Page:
Is America’s democracy — the most successful political experiment in history — hanging on by a thread? Many commentators think so.
Thomas Friedman, a three-time Pulitzer Prize winner, warned that “the 2020 election may be the end of our democracy” and we may have “another Civil War.” Columnist Robin Abcarian asserted that only one thing has saved the United States (and the world) from a Trump dictatorship: the ACLU. And Donald Trump is regularly called an “existential threat” to our democratic institutions.
Are they right? Is American democracy really teetering on the brink of extinction?
The punditry — and much of the country — has gone too far.
Things are, to be sure, really bad. An ignorant, bloviating reality television star is president. A global pandemic is raging. California is burning. And our democratic salvation — the ballot box — is at the center of a firestorm.
We have, moreover, endured one limit-busting catastrophe after another — fraying our nerves and rattling our collective psychology. We did not think Candidate Trump could ever become Nominee Trump; we did not think Nominee Trump could ever become President Trump; we did not think an emerging China could ever become a rival China; and we did not think a virus could ever become a pandemic.
If these limits can be shattered then our democracy can be shattered, too, right?
There are hard limits to our national downside. Our democracy is enduring a stress test with Trump. But it is not going anywhere.
Let’s remember some facts.
Two years after Trump was elected the Democrats won a sweeping victory and took control of the House of Representatives. They have, ever since, stymied Trump’s legislative agenda, relegating him largely to symbolic, impotent executive orders. They have investigated his administration at length. They have impeached him. And in the Senate, the filibuster endures — further blunting Trump’s legislative ambitions.
The courts, moreover, have ruled against Trump consistently. A lower-level court halted Trump’s Muslim Travel Ban (after his attorney general refused to enforce it). The Supreme Court rejected his attempt to reverse DACA and his anti-LGBT Civil Rights Act arguments. And the Court later held that a local prosecutor can seek Trump’s personal financial records — something fundamentally inconsistent with the notion of dictatorship.
Importantly, Trump has not violated a single court decision or questioned the legitimacy of the judicial branch as the last word in our constitutional order.
Even Trump’s own executive branch has investigated him for years, sending numerous members of his team to jail. Just last week the DOJ indicted his former campaign manager.
State and local governments have likewise protected and defended our democratic institutions, rejecting overreaching Trump policies and mounting strong and consistent opposition in the courts and the public square.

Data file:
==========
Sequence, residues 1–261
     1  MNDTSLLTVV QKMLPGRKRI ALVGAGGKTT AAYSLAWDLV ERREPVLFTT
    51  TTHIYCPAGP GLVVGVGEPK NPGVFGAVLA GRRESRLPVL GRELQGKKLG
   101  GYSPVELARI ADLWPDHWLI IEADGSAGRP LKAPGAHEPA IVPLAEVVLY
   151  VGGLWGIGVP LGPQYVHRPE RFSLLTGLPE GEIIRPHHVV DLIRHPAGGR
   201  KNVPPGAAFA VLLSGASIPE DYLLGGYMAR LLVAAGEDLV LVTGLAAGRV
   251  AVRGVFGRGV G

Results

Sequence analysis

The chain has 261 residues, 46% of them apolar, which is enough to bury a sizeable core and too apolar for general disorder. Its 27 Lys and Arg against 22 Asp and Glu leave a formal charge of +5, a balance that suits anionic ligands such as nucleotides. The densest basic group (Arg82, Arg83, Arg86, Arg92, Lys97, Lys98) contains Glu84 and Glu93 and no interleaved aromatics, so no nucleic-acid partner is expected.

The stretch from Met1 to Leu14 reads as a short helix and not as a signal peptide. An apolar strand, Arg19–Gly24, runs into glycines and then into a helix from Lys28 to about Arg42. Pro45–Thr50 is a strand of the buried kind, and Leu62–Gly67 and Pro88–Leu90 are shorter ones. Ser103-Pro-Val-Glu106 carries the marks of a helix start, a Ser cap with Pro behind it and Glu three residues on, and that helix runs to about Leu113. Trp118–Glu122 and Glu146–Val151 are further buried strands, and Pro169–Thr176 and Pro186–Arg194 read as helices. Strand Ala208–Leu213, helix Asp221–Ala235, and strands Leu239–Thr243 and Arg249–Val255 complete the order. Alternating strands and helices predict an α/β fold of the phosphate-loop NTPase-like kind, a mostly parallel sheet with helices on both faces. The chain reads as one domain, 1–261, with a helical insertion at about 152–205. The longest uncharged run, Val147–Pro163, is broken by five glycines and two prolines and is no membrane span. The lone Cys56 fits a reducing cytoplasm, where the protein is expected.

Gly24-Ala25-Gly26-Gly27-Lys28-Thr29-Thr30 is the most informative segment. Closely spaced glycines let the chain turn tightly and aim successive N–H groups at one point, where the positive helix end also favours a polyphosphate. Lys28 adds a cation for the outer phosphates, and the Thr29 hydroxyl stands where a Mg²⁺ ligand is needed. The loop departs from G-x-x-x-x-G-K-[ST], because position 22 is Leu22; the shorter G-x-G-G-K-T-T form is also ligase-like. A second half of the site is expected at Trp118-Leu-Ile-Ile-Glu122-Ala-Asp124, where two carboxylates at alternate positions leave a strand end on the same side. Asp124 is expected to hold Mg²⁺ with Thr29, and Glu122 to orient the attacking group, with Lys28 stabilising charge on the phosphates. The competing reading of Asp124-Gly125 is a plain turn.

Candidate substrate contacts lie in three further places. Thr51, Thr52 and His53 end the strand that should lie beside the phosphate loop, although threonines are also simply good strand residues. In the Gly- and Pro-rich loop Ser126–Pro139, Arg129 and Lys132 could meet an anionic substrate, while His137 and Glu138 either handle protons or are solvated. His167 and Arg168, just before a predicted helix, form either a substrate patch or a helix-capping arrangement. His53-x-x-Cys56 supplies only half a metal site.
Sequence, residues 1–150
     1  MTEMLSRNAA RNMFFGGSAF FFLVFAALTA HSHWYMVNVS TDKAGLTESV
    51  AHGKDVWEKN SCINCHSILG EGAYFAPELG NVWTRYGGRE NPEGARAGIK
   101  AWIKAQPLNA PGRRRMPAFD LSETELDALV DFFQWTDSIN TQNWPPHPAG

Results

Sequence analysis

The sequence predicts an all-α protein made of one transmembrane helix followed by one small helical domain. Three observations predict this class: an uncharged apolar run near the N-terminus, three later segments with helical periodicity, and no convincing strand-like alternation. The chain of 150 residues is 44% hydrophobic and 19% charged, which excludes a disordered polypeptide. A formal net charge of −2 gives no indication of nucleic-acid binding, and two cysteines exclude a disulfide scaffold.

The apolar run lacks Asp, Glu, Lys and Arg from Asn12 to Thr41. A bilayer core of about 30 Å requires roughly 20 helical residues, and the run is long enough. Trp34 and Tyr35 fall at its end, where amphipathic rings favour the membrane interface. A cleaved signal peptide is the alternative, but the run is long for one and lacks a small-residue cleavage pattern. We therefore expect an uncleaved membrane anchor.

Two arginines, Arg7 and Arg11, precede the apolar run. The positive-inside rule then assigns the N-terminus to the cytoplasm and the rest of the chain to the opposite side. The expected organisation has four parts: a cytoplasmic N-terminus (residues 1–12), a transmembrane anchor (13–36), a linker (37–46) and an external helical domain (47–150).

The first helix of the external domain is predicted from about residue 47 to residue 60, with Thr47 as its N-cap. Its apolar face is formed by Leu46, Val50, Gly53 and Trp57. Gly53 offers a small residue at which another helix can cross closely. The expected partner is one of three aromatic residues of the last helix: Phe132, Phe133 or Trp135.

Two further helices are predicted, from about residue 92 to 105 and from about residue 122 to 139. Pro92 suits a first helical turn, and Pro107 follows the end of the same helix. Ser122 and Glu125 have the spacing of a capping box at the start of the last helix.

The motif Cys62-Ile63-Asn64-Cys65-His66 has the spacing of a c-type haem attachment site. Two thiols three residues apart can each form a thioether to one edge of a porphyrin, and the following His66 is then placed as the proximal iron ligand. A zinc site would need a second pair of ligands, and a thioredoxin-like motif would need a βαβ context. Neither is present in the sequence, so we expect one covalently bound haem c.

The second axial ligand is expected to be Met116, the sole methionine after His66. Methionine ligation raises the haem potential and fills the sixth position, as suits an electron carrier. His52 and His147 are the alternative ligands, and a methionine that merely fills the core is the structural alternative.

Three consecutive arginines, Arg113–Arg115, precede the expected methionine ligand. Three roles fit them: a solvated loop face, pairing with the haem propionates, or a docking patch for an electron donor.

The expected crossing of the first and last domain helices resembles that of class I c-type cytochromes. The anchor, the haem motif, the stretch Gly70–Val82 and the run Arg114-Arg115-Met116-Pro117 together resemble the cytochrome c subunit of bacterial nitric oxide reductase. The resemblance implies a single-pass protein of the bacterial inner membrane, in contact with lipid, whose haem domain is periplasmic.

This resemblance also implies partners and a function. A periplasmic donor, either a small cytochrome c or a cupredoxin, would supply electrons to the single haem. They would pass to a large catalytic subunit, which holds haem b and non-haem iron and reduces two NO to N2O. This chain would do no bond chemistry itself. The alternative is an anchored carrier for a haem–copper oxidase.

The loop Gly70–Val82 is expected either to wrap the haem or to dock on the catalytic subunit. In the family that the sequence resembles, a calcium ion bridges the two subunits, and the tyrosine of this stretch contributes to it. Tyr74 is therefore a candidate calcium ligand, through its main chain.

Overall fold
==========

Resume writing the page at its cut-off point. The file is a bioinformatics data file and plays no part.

The media, for its part, has been on overdrive since 2016, investigating Trump and his administration with unprecedented strength and vigor. The very fact that so many commentators openly call Trump a dictator with impunity proves that he is not one.
The military has not started a new war under Trump, let alone engaged in dictatorial conquest. (Trump’s futile attempt to enlarge the country by purchasing Iceland was met with laughter by his own administration.). And the idea that the military might splinter into two and fight a civil war is — to put it bluntly — far fetched. The military remains a respected and cohesive institution.
Trump is not an existential threat to our democratic institutions. He is a test for them. And — battered and bruised — they are showing their strength.
It is true that our nation is experiencing great hardship right now. As we have before. One of our founding principles was slavery. It took a century — and a Civil War — to expunge it. Then came Jim Crow. Women’s suffrage arrived just over a century ago. We fought in two world wars, another in Korea, and another in Vietnam. We faced a pandemic in 1918. A Great Depression a decade later. And just ten years ago we confronted the near-collapse of our financial system.
Our country improves with time — but the slog is long and the trajectory nonlinear.
Things are bad now. And they very well may get worse. Even the best possible version of November will be a white-knuckled roller coaster. But we are not descending into a dictatorship. We are not heading towards another Civil War. And we are not watching our democratic institutions crumble.
Despite our great challenges, we are a vibrant, resilient and democratic nation. Still.
William Cooper is an attorney and columnist who has written for national publications.